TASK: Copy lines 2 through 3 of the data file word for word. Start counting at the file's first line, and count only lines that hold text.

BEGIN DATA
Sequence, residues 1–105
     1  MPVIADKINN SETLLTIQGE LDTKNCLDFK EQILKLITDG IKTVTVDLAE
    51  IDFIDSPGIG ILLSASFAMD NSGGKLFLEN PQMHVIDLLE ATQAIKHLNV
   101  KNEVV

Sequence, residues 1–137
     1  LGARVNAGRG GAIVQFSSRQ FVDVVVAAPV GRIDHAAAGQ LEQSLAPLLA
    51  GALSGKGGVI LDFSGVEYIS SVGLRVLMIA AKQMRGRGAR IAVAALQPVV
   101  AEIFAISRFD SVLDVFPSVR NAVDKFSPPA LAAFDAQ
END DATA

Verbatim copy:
     1  MPVIADKINN SETLLTIQGE LDTKNCLDFK EQILKLITDG IKTVTVDLAE
    51  IDFIDSPGIG ILLSASFAMD NSGGKLFLEN PQMHVIDLLE ATQAIKHLNV